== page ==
Grace's Mosaic Moments

Friday, April 15, 2011

Lady Silence

A waif taken in by the household staff of Colonel Damon Farr grows into a stunning, accomplished beauty by the time he returns from more than six years of war, wanting only to shut himself up in Farr Park and leave the world behind. The girl has a problem, however: she doesn't talk. Though highly suspicious of her origins, Damon allows his mother to persuade him to use Katy Snow as a part-time secretary. And discovers danger has followed him home. For an officer and a gentleman, propinquity can be almost as deadly as a French bullet.

Katy has adored Damon Farr since his decidedly hungover assent to keeping her at Farr Park. Though war has soured his disposition, she takes on the role of Damon's secretary with spunk and efficiency, until their idyll is shattered by an unexpected inheritance, two overly zealous junior officers, greedy relatives, an impostor, and a missing fortune. Is "the girl the cat dragged in" Damon Farr's Sinful Temptation or his Salvation? Katy and Damon walk a rocky road before the answer is clear.

* * * *

Yes, I'm happy to say I fought the good fight and finally made it to Kindle and Smashwords with the first of my Signet backlist. Lady Silence is the closest I've ever come to writing soap opera, and, truthfully, I enjoyed re-editing and polishing it for the brave new world of indie publishing.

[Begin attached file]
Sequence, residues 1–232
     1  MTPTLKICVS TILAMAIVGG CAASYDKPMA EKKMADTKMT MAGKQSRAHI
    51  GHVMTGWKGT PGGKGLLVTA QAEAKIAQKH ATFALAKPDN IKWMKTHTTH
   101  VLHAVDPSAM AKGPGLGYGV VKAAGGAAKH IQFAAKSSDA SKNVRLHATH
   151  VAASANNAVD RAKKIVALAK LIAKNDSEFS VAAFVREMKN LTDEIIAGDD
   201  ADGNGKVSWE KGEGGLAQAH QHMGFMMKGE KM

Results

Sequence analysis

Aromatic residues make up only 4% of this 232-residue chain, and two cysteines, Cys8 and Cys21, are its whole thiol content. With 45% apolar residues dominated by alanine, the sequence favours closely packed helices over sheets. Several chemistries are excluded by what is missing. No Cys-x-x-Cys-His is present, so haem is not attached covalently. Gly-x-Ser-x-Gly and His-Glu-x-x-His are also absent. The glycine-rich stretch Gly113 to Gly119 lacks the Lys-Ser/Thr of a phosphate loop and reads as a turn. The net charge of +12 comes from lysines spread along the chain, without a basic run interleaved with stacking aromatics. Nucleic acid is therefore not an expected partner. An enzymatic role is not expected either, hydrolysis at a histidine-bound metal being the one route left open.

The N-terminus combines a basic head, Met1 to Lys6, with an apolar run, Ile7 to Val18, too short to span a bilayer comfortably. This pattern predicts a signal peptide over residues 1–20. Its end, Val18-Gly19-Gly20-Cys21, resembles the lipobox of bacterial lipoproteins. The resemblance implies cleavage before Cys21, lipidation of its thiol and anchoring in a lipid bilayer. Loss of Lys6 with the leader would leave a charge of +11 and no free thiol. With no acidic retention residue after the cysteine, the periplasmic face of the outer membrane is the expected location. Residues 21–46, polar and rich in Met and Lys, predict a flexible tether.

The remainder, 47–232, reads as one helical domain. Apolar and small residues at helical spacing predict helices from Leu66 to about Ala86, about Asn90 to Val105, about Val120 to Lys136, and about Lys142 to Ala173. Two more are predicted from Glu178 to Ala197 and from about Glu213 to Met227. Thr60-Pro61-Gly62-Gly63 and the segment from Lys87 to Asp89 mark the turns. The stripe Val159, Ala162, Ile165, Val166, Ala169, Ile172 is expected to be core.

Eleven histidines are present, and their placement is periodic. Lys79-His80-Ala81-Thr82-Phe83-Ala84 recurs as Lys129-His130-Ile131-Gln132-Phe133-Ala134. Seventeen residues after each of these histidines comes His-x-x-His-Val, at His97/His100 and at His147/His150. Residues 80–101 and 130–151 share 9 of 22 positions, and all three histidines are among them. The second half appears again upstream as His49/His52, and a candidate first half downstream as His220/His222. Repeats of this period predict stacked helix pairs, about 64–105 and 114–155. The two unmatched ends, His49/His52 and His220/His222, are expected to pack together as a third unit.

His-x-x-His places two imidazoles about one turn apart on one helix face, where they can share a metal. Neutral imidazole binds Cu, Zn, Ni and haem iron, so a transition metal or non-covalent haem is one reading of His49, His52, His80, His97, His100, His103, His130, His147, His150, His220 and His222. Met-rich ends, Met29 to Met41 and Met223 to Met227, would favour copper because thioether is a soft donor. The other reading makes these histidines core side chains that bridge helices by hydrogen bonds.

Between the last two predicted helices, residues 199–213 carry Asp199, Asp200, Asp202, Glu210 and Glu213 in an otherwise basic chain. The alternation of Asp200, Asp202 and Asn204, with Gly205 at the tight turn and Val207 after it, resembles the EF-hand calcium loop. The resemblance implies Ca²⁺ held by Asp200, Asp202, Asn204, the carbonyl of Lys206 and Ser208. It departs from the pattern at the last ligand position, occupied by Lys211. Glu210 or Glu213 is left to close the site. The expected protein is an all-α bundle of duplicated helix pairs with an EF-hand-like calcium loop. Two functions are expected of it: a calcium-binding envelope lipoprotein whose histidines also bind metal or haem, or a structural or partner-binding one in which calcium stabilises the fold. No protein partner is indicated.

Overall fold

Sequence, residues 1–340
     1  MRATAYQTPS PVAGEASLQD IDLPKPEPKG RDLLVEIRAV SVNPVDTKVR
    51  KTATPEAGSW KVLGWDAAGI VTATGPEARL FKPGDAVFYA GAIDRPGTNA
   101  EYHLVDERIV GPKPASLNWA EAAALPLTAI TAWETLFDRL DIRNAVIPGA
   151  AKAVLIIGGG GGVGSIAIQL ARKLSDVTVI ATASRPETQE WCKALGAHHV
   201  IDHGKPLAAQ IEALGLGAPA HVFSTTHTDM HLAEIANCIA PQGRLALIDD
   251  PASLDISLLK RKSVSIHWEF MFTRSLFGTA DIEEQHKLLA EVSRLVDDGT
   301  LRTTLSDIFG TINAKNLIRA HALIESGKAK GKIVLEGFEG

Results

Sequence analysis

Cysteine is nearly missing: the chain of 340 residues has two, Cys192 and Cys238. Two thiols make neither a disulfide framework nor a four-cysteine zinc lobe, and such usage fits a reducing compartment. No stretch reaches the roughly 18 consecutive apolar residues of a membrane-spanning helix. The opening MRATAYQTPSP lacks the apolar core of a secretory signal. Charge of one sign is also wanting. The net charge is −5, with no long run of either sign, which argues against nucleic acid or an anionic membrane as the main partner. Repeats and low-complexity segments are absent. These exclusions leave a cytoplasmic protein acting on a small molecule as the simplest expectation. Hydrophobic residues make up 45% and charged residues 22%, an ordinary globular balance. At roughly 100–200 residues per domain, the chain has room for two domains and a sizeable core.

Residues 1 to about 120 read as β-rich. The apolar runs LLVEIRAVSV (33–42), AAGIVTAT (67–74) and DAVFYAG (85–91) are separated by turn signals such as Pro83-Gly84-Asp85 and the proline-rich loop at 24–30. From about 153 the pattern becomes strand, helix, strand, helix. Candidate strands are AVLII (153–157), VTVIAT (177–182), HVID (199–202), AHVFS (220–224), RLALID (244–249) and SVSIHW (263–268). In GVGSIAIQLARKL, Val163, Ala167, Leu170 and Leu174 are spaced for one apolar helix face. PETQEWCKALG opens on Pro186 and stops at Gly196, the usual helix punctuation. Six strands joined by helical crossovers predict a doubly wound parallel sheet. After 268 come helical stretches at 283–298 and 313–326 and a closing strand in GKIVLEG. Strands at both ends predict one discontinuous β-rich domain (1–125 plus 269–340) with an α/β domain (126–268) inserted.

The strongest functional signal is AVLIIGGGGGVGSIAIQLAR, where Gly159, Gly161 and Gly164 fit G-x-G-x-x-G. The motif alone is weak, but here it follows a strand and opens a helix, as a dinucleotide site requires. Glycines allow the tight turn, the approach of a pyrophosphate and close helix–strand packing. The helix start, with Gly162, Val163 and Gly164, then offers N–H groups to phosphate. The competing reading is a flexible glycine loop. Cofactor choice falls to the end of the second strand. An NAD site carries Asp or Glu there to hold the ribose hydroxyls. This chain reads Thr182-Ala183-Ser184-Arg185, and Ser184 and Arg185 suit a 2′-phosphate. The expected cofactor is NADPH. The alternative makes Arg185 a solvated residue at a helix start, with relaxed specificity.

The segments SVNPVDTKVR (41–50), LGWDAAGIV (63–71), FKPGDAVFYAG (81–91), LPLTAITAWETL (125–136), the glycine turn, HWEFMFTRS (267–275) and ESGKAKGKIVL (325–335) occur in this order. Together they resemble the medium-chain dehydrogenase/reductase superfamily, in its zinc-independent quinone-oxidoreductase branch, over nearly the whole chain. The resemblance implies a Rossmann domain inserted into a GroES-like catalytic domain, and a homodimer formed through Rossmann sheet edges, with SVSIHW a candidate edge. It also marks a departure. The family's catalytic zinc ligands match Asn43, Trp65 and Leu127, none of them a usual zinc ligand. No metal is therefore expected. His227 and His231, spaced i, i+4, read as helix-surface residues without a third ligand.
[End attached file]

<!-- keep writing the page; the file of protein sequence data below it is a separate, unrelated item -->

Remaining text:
At the time I wrote it, I had not seen the point where the Kennet & Avon canal intersects with Sydney Gardens in Bath. (I later discovered I'd turned back about fifteen feet short of my goal.) But this time around, after my narrowboat journey from Newbury to Bath, I was able to give a more definitive description. And, more importantly, I emphasized more strongly what we'd now call a mild version of PTSD suffered by Colonel Farr. Although it's what I had in mind when I wrote the original Lady Silence, I later realized that I had been through more wars than most of my readers (for example, a neighbor of mine came home from Vietnam and hanged himself in his basement), and perhaps I needed to make more clear the problems suffered by soldiers returning from long years at war. I hope I've done that in this version of Lady Silence. Also, I think our years at war in Iraq and Afghanistan have made more people aware of this serious issue.

The ending is still the super soggy, not-a-dry-eye-in-the-house soap opera mentioned above. And remains unchanged. The moments of humor also remain.

The cover was created by Delle Jacobs, God bless! And we're hard at work on the next: A Gamble on Love (formerly, The Lady and the Cit).

Thanks for stopping by. Next week: what I learned in the course of formatting and publishing a book for the brave new world of independent publishing.


No comments:

Post a Comment